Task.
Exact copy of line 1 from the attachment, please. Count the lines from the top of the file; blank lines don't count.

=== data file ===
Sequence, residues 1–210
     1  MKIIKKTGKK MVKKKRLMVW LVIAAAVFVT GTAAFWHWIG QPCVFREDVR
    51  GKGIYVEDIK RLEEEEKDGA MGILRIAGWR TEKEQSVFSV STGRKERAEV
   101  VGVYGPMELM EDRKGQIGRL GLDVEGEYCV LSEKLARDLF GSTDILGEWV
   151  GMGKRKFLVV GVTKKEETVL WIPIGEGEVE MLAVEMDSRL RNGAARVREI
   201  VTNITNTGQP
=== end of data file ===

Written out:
Sequence, residues 1–210